By Daniel Correia
The Homeless Service Center on Coral St. has a wooden sign hanging that says, "Though you may not have wealth, you are rich in soul because you have a heart of gold."
Some people are waiting in line for food and others are sitting on white plastic chairs waiting for the shuttle bus. Many sounds fill the air- accents from all over the country, jovial laughing, friendly greetings, children squealing as they play tag amidst the adults.
The shelter will be affected when the facility closes for renovations late November and with the closing of the Interfaith Satellite Shelter Service, a 20-year-old program that picks up about 30 people from the Homeless Services Center and shuttles them to local churches in Santa Cruz. With the escalating cost of transportation, the Interfaith program cannot afford to stay active. However, the good news is that the beds lost will be replaced by two new dorms at the soon-to-be renovated Coral St. facility.
Executive Director of the Homeless Services Center, Ken Cole, said, "The renovations will about double the capacity. I’m optimistic that were going to come out ahead."
On the Oct. 5, the proposal for the new facility was approved. The construction should be finished around late February to early March. The dorms, which will have about 44 new beds, will be relatively inexpensive at $30,000 because most of the work will be done by Habitat for Humanity.
Carol Berg, Housing and Community Development Manager for Santa Cruz, said that the city helps with funding by using money from community building federal government grants, however, most of the money is acquired through the Homeless Services Center.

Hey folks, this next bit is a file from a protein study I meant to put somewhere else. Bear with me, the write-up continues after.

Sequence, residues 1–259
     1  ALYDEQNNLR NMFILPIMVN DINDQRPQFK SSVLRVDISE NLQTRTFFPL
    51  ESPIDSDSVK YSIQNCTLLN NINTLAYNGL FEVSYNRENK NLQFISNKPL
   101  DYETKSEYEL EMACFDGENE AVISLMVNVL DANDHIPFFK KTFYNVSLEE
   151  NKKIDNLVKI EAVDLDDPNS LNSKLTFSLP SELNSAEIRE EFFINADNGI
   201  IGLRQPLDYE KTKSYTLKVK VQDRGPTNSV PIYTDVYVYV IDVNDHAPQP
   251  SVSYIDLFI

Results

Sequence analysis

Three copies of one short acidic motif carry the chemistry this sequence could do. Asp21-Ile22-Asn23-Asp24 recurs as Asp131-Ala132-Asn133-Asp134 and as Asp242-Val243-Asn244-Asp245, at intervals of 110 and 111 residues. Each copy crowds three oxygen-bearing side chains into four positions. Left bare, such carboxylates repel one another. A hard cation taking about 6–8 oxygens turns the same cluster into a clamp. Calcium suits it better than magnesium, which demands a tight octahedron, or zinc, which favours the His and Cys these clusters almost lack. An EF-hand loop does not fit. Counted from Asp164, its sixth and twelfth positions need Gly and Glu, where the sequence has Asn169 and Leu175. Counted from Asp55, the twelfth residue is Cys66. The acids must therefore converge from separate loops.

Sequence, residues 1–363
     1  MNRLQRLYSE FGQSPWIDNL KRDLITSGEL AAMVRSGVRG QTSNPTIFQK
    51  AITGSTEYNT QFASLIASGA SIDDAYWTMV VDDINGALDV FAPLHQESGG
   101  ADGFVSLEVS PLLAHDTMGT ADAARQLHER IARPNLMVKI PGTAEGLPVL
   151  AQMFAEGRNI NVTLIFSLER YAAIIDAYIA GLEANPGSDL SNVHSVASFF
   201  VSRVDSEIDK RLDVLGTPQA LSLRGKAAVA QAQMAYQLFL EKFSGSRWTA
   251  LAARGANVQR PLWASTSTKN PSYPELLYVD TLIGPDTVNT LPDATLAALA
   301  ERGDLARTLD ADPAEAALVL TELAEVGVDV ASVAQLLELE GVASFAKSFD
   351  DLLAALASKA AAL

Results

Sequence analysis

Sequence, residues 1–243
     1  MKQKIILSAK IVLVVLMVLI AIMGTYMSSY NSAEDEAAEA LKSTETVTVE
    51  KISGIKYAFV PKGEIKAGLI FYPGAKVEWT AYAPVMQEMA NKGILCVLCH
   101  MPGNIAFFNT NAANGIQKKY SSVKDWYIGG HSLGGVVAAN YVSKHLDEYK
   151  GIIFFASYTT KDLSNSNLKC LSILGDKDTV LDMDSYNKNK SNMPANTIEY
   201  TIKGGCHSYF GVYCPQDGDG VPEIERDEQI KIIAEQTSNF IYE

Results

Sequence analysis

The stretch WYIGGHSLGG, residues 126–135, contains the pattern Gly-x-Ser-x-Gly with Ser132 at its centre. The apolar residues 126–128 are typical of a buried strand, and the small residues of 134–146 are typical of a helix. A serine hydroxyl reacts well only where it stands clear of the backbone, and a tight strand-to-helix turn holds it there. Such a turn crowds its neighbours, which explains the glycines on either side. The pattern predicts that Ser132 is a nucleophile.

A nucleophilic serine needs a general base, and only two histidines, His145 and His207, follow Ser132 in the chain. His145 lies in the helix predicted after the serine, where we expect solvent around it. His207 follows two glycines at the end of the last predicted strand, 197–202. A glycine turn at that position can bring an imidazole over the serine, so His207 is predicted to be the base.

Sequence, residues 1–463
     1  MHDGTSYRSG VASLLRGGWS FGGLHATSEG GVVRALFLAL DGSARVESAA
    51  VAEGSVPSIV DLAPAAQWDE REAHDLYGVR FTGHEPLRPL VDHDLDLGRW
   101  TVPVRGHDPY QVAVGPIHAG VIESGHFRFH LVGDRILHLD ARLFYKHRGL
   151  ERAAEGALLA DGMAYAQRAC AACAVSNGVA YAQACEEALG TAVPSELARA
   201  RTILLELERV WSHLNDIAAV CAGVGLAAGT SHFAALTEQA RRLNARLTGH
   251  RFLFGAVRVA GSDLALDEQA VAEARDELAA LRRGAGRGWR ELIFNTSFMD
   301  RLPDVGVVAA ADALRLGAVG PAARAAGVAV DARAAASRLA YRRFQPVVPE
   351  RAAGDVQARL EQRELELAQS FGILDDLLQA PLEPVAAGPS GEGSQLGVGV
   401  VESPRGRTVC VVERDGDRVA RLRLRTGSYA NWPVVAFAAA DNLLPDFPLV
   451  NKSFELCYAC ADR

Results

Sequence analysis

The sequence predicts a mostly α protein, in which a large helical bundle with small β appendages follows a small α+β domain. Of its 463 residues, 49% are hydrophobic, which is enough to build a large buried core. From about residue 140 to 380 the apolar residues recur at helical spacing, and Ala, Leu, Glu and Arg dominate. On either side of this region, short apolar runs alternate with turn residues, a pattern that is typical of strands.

Funding for the new Coral St. center’s renovations is made up of about 60 percent private funding and 40 percent government funding, which amounts to about $600,000.
Funding for the Interfaith service has previously been about 80 percent private funding and 20 percent government funding, which amounts to $160,000 a year.
While the Coral St. center is closed for renovations, the Interfaith Satellite Shelter Program will stay open, as well as the food services and some temporary mobile hygiene services at the Coral St. center.
"We’re committed to keeping it open until the renovations are finished," Cole said.
Currently, the Coral Street Homeless Services day shelter is the hub where about 300 people a day take showers, use the bathrooms, wash clothes, eat at the food services, and sleep at night in the mezzanine. The sleeping accommodations there are minimal, though, where all that is provided is the floor of the balcony above the showers.
Allen, a 28-year-old homeless man from Oklahoma who has been in Santa Cruz for three months, was standing outside with his wife and two-year-old baby girl.
"I’m debating whether I’m going to sleep here or not," said Allen, "I would rather camp, but I have a baby and it’s too cold for her. They don’t provide enough shelter for families."
As of 2005, the Homeless Census Survey said there were over 3,200 homeless people in Santa Cruz, of which 2,700 either live in their cars or outdoors.
"Sometimes, I feel more like I have a home when I camp," Allen said.
Although the Interfaith Program is closing, Cole said that they will probably keep a family group going at the local Holy Cross church. That, along with the increased capacity at the Coral St. center, should help alleviate an enduring problem in Santa Cruz.